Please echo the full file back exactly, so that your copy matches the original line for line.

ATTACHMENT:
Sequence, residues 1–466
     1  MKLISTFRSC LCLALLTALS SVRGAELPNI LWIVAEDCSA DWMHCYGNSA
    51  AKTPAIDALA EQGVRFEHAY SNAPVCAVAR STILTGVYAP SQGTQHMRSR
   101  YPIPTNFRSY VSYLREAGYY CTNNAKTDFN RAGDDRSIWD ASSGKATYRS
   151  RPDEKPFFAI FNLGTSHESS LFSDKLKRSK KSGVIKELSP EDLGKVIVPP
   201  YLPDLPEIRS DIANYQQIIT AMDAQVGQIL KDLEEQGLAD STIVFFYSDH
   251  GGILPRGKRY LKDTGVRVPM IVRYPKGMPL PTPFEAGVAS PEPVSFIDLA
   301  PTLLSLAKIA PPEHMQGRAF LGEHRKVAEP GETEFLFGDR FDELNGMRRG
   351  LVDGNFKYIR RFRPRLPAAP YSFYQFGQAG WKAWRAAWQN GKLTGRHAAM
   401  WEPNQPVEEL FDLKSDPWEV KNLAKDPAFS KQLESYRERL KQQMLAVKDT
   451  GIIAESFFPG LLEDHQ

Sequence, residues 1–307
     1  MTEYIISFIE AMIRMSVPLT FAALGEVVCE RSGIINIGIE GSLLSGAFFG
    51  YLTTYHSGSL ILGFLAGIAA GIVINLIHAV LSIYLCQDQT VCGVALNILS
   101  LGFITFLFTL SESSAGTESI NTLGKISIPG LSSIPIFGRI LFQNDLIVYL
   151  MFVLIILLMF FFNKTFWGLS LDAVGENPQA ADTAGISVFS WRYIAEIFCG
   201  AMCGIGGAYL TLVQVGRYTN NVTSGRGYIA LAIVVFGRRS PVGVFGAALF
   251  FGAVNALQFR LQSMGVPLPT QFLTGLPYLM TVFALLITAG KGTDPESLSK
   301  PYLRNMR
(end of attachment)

Sequence, residues 1–466
     1  MKLISTFRSC LCLALLTALS SVRGAELPNI LWIVAEDCSA DWMHCYGNSA
    51  AKTPAIDALA EQGVRFEHAY SNAPVCAVAR STILTGVYAP SQGTQHMRSR
   101  YPIPTNFRSY VSYLREAGYY CTNNAKTDFN RAGDDRSIWD ASSGKATYRS
   151  RPDEKPFFAI FNLGTSHESS LFSDKLKRSK KSGVIKELSP EDLGKVIVPP
   201  YLPDLPEIRS DIANYQQIIT AMDAQVGQIL KDLEEQGLAD STIVFFYSDH
   251  GGILPRGKRY LKDTGVRVPM IVRYPKGMPL PTPFEAGVAS PEPVSFIDLA
   301  PTLLSLAKIA PPEHMQGRAF LGEHRKVAEP GETEFLFGDR FDELNGMRRG
   351  LVDGNFKYIR RFRPRLPAAP YSFYQFGQAG WKAWRAAWQN GKLTGRHAAM
   401  WEPNQPVEEL FDLKSDPWEV KNLAKDPAFS KQLESYRERL KQQMLAVKDT
   451  GIIAESFFPG LLEDHQ

Sequence, residues 1–307
     1  MTEYIISFIE AMIRMSVPLT FAALGEVVCE RSGIINIGIE GSLLSGAFFG
    51  YLTTYHSGSL ILGFLAGIAA GIVINLIHAV LSIYLCQDQT VCGVALNILS
   101  LGFITFLFTL SESSAGTESI NTLGKISIPG LSSIPIFGRI LFQNDLIVYL
   151  MFVLIILLMF FFNKTFWGLS LDAVGENPQA ADTAGISVFS WRYIAEIFCG
   201  AMCGIGGAYL TLVQVGRYTN NVTSGRGYIA LAIVVFGRRS PVGVFGAALF
   251  FGAVNALQFR LQSMGVPLPT QFLTGLPYLM TVFALLITAG KGTDPESLSK
   301  PYLRNMR